by Janet Malcolm (1980)
It almost looks as if analysis were the third of those “impossible” professions in which one can be sure beforehand of achieving unsatisfying results. The other two, which have been known much longer, are education and government.—Sigmund Freud: “Analysis Terminable and Interminable” (1937).
As psychoanalysts, we are only too aware that our profession is not only impossible but also extremely difficult.—Adam Limentani: International Journal of Psycho-Analysis (1977).
Aaron Green (as I shall call him) is a forty-six-year-old psychoanalyst who practices in Manhattan, in the East Nineties. He has seven patients in analysis, who come four or five times a week and lie on the couch, and eight patients who come for psychotherapy once or twice or three times a week and sit in a chair. He charges between thirty and seventy dollars per (fifty-minute) hour. He is on the faculty of a local medical school, where he teaches and supervises medical students and psychiatric residents. He is a graduate of the New York Psychoanalytic Institute and a member of the New York Psychoanalytic Society. He came to New York to study at the Institute after getting his medical degree and serving his interneship and residency in a New England city.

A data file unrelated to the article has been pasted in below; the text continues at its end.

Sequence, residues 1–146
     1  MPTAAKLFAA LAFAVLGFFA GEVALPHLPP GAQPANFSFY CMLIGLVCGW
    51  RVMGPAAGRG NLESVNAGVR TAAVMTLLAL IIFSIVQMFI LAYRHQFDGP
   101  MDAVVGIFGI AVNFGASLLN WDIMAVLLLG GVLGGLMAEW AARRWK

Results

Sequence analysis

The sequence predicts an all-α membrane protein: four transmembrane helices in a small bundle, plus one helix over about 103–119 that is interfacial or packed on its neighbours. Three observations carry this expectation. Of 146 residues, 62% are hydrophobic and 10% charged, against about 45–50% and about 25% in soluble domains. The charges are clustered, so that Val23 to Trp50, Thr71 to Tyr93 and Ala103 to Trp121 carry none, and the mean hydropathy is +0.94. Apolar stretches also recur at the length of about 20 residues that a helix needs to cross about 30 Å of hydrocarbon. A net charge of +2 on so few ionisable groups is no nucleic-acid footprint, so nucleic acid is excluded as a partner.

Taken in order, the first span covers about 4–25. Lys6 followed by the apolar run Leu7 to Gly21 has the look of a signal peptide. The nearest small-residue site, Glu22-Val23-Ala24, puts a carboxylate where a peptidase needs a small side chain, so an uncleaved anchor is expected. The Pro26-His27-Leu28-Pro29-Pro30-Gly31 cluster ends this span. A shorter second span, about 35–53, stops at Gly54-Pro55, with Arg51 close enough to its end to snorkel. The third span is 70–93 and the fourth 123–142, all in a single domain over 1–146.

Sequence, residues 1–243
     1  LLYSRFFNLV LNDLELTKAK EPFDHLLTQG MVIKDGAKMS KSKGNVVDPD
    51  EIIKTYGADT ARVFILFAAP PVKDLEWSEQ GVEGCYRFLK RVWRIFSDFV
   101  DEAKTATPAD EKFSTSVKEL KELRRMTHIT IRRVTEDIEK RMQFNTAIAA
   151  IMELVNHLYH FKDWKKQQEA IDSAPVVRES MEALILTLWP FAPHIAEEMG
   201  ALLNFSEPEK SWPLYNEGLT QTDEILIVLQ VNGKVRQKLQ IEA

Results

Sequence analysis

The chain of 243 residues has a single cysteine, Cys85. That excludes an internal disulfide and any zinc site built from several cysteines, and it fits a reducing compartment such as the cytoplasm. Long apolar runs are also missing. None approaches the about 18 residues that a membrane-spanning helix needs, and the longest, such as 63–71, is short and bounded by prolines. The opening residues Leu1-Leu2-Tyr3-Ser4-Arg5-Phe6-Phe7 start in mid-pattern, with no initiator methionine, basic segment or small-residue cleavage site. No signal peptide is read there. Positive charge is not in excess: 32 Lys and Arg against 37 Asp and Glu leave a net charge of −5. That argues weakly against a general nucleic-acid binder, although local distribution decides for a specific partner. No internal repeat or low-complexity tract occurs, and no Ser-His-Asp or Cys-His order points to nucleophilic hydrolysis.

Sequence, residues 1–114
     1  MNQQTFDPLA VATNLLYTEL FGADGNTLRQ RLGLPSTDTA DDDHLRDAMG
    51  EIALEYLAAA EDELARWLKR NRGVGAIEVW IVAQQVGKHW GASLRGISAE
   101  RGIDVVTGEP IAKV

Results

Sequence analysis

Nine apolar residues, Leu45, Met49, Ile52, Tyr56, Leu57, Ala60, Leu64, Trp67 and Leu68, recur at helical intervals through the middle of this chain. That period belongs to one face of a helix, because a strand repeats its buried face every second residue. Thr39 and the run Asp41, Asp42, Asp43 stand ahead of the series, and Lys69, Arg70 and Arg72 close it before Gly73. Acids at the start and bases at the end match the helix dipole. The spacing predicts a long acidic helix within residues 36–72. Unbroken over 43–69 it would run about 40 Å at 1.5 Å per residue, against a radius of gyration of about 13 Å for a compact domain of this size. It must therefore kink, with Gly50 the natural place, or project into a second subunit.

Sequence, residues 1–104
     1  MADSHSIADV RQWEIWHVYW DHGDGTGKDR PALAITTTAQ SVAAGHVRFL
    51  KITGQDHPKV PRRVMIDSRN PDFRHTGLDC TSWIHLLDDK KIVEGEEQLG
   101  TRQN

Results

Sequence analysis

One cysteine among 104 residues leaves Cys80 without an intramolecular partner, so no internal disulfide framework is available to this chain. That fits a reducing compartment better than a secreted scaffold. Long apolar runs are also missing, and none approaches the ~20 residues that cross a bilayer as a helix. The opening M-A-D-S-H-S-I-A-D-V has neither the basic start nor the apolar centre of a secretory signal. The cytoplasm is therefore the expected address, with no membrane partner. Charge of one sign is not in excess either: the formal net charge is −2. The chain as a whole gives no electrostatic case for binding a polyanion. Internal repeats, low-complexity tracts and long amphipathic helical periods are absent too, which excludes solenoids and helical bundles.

He is a slight man, with a vivid, impatient, unsmiling face. He has thin dark hair and wears professorial clothes. A herringbone jacket, light-blue oxford shirt, subdued tie, and gray flannel trousers are his customary apparel. He looks Jewish. He lives with his wife and son in a brownstone apartment off Madison, four blocks from his office. The living room of his apartment is furnished with black modern sofas and armchairs, beige carpets, reproductions of modern art, photographs, folk art and archeological objects, and books; it is spare, extremely neat, pleasant, perhaps a hair studied. His consultation room is a kind of poor relation of his living room. The couch is fifties Scandinavian modern rather than seventies high-tech Italian; the pictures are old moma reproductions rather than Fondation Maeght exhibition posters; there are floor lamps instead of track lighting. The lights in the consultation room are kept dim, purposely.